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I agree entirely. Wolfram Alpha promises much but delivers little. I want a good next-generation search engine to recognise the likely context of my search phrase and present details accordingly. However, it should also break down its search results by context rather than by rank so I can quickly find the kind of information I am looking for.

Search for something obvious: hydrogen. It actually works very well. It recognises that in isolation I am probably referring to the chemical element. If that is wrong it presents me with a list of alternatives. However, it got that right so it presents me with a list of various properties of hydrogen. There's no narrative description, just tables of raw data. The data is probably what I was looking for but some additional context would be welcome. In particular some of the tables are missing interpretive details. The table on abundance is by mass rather but number of atoms or by volume for instance which really needs to be stated explicitly. Overall it does a reasonable but not exceptional job. However you would expect that - for anything presenting itself as a general reference the chemical elements should be a high priority as they are pretty fundamental. However, it is not really a search engine - all it has done is present me with its page on hydrogen. It has not provided references where I can find out more.

Now try something slightly less obvious but still pretty mainstream. I went for HMS Pinafore. Not because I am a huge fan of opera, but because it is the first thing that came to mind that is slightly more obscure yet still easy to see what the ultimate search engine should provide. An average person will immediately recognise it as a musical. Those with a more literary bent will immediately think Gilbert and Sullivan. Nevertheless it should be obvious without additional context that I am referring to the play.

What should the ultimate search engine provide? It should break down answers into distinct categories so I can decide what I want. I might be after primary source material - a copy of the script and music for instance. I might be looking for a critique of the play. I may be interested in current theatre productions of the play. I may be interested in film, radio or television adaptations, or reviews of any of these. I probably would welcome being told if any of those adaptations were going to be broadcast over the next few weeks. There's a lot of things that I could be looking for and if Wolfram Alpha could categorise results and present them to me in an ordered manner it would be an immense tool.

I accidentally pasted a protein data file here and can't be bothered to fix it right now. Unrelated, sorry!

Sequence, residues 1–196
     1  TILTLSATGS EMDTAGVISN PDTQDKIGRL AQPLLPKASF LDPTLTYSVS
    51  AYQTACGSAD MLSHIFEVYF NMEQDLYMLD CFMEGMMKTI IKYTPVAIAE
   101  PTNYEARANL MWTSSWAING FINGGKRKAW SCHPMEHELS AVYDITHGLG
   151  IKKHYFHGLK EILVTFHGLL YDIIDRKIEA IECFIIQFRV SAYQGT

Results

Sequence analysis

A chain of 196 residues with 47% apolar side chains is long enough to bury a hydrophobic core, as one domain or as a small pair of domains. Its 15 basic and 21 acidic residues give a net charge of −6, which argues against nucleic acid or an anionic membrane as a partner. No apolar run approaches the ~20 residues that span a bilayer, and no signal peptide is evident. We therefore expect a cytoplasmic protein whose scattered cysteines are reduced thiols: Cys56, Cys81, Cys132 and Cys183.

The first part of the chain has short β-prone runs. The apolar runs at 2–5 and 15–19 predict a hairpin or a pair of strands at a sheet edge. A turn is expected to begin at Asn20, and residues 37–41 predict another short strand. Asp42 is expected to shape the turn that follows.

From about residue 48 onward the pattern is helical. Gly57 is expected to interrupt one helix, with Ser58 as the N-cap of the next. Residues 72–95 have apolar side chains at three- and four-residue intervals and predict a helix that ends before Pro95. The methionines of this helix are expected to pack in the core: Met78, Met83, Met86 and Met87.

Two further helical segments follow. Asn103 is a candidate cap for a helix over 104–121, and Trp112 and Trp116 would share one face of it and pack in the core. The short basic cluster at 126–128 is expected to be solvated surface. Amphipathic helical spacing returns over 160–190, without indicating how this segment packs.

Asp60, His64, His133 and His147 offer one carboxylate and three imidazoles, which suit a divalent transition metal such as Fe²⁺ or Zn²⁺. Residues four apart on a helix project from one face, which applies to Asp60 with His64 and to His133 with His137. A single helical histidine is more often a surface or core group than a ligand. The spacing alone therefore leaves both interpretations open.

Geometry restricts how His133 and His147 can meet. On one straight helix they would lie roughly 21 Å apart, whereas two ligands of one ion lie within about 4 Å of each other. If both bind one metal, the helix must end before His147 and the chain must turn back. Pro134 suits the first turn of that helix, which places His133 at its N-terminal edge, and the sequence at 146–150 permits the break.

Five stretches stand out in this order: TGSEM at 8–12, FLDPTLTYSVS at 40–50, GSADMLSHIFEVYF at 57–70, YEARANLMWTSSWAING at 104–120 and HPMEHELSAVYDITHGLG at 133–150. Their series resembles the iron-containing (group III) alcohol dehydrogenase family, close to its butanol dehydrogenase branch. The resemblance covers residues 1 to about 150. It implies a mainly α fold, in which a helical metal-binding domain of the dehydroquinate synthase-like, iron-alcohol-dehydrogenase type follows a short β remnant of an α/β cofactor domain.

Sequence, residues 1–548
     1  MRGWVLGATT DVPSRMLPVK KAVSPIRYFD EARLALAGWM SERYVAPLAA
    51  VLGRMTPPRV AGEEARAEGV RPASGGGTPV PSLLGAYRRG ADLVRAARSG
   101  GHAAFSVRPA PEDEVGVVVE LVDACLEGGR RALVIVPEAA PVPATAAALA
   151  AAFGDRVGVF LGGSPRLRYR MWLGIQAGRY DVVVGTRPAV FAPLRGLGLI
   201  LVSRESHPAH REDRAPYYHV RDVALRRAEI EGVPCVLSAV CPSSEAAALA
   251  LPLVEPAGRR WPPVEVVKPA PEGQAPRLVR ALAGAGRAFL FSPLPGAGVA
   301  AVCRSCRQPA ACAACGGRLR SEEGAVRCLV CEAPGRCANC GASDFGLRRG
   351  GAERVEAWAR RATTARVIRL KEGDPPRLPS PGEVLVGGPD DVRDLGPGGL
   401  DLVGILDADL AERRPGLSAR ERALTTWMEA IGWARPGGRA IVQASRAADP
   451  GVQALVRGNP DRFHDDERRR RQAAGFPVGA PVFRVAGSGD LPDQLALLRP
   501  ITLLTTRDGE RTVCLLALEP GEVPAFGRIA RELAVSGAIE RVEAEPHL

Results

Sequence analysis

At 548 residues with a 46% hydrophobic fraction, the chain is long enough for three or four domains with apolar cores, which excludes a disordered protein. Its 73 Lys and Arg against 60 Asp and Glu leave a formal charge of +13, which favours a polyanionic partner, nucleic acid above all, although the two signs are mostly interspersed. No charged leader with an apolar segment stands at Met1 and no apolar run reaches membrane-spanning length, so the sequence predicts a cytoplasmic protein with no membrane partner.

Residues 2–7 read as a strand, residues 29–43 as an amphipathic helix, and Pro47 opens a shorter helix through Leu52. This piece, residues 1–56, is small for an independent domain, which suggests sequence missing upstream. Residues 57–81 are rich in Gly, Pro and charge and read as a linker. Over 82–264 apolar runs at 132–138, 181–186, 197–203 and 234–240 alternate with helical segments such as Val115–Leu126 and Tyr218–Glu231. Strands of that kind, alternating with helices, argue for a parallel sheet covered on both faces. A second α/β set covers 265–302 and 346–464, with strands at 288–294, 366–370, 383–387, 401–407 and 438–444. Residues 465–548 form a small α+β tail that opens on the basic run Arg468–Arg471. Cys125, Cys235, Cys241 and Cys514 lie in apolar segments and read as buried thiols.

What does it do in reality? It doesn't recognise the term at all. Anything presenting itself as a comprehensive tool should do. This isn't one of the millions of articles on Wikipedia that have article yet don't deserve them - it is something that many genuinely are going to want to look up for reasons other than to make sure that there is coverage of it.

Ultimately for all the AI hype it is evident that there is a lot of human work going on behind the scenes. While that is still the case coverage always is going to be patchy. Sites such as Wikipedia only work at all because of the huge number of people working on them, and even then it is littered with glaring errors (which if you attempt to fix usually turns out to be a huge waste of time). For all its faults it isn't feasible for a private operation to attempt something similar without real automated intelligence behind it. Wolfram Alpha lacks that so for now it is merely an advertisement of what Mathematica can (not) do.



Mon May 25 21:04:43 2009: 6405   TonyLawrence

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For breaking down search, Google's new "Wonder Wheel" is interesting (hit "Show Options" on any search and then look for "Wonder Wheel" in the sidebar). It does a nice job with "hydrogen" and "HMS Pinafore" :-)